Yes, this is a documentary about frolicking in the Playboy Mansion. Richard Dawson is there to make you cringe, and there were lots of astoundingly beautiful women which just about every man in the room had seen naked (I profess admiration of a sort for the guys who could name each and every one of them, even when they weren’t being introduced). Roller skating, and dancing to Village People songs we had never heard.
Rick’s haunted voice came from the back of the room several times, stating, “This isn’t going to get any better, you know. You may think it is, but it ISN’T.” But I was enjoying myself. Pretty women are pretty women, and there were quite a few here.
It had its educational points, too: we’d had no idea that there was a disco version of Pink Floyd’s “Have A Cigar”. Nor did we know that Waylon Flowers had a black version of his Madam puppet. (My reference source for all things gay, long-time theatre friend Rodney Walsworth, informs me the puppet was named Jiffy, and he saw Flowers perform with her at a club). The clip below has a glimpse of Jiffy, but sadly does not seem to have the bit where Flowers attempts to work his sassy black puppet magic on Jim Brown, who is visibly counting to ten several times just to keep from jamming this puppet up this little peckerwood’s ass.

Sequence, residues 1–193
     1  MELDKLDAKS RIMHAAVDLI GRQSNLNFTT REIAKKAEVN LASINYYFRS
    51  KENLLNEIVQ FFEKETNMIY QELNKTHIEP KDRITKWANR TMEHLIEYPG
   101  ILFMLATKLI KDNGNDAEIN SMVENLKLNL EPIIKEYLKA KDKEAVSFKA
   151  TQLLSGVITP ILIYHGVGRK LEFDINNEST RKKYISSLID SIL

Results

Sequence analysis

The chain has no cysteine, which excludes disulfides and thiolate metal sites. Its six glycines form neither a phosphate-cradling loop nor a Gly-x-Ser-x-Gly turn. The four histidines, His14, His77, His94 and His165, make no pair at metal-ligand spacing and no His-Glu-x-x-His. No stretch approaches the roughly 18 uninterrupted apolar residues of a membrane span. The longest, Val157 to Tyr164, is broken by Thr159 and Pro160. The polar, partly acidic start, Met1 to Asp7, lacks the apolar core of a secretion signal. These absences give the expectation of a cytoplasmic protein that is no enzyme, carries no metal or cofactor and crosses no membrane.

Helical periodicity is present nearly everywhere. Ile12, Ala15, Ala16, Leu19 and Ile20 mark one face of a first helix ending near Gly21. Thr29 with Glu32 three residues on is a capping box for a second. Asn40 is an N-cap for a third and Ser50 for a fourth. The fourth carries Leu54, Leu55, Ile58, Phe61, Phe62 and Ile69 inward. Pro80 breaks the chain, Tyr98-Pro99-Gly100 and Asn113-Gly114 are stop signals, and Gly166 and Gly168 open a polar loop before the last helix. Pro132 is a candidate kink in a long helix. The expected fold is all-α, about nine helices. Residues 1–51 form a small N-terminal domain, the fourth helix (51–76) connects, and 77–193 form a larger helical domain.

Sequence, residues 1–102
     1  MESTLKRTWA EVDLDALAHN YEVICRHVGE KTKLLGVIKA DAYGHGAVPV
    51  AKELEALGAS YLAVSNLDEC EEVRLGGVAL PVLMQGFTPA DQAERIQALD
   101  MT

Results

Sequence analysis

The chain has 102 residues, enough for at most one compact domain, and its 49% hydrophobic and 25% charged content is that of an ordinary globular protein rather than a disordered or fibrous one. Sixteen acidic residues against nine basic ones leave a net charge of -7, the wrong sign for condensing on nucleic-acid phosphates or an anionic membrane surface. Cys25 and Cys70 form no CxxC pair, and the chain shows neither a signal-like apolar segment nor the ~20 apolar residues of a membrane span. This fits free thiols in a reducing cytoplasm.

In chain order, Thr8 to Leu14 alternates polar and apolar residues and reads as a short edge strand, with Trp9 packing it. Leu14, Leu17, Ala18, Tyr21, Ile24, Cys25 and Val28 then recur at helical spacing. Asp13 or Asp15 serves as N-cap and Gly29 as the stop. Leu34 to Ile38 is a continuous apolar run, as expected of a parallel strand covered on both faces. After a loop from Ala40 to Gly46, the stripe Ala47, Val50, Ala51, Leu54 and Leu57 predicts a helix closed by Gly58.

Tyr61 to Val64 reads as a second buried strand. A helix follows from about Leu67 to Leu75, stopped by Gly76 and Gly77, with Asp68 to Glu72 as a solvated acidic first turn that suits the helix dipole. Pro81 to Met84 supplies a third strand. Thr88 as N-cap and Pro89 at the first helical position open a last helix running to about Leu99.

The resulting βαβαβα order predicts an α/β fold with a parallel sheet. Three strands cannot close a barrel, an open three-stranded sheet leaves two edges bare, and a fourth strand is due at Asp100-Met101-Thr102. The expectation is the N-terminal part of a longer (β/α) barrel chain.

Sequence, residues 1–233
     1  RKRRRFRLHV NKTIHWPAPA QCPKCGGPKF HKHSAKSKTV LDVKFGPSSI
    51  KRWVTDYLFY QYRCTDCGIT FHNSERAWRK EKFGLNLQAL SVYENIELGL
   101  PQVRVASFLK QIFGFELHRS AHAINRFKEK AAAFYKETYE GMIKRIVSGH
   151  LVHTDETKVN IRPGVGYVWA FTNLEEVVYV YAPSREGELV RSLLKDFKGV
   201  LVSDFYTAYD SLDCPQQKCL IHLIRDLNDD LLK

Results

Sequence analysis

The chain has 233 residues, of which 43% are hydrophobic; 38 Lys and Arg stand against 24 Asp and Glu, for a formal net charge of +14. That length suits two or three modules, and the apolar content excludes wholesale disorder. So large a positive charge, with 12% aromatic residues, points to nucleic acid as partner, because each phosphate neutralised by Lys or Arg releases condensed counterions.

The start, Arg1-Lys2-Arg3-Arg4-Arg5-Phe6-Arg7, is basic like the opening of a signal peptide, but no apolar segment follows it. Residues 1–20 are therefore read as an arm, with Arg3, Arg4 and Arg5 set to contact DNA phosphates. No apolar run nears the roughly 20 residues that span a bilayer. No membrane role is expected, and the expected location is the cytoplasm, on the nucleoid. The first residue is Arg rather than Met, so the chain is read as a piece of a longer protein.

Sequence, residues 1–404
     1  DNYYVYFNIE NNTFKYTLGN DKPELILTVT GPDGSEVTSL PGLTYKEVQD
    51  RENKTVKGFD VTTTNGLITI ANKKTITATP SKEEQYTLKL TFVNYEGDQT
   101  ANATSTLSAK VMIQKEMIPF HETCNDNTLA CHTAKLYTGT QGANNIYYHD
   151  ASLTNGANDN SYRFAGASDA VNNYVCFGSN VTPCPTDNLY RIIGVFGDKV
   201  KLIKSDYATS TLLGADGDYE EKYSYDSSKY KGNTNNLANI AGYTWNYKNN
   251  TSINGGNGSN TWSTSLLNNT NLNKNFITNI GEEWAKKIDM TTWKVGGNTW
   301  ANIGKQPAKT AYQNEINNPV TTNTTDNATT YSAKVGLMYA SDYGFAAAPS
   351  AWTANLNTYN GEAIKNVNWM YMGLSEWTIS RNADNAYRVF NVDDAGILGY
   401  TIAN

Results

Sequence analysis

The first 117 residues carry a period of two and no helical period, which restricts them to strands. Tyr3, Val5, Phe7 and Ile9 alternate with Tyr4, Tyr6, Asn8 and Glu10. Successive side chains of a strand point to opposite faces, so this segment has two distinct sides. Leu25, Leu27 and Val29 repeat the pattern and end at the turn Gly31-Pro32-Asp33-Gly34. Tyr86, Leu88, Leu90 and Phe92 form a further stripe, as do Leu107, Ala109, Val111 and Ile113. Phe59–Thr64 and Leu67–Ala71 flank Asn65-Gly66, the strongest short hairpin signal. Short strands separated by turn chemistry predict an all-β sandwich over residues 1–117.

No, here is this hunk of the show – the whole damn thing’s on YouTube, folks, it’s easy enough to find – that has the high point for us. About 13 seconds in, after a Mork and Mindy promo, is the 30 second throw to the local newscast coming on after Roller Disco Pajama Party, and it’s obvious the station has been getting a lot of calls about the show…
We really wanted that guy to come back.
A scene from True Detective, Season 2
You don’t have to watch the whole thing, or maybe you do, because you’ll catch a brief glimpse of Marjoe Gortner at the party (he got applause. I love my homies.), the aforementioned Jiffy, Richard Dawson referring to index cards as he interviews some Playmates, and likely the most skin you’ll see in the whole enterprise. Just enough to make our gathering feel all cheated and hollow inside.
Not me, though. I went home feeling purged, cleansed of all the negativity that had been weighing on me. Such is the power of inflicting crap on your fellow man. This feeling did not survive the light of day, but I slept like a baby that night, and I look forward to the next one, where I can start playing the nice guy again.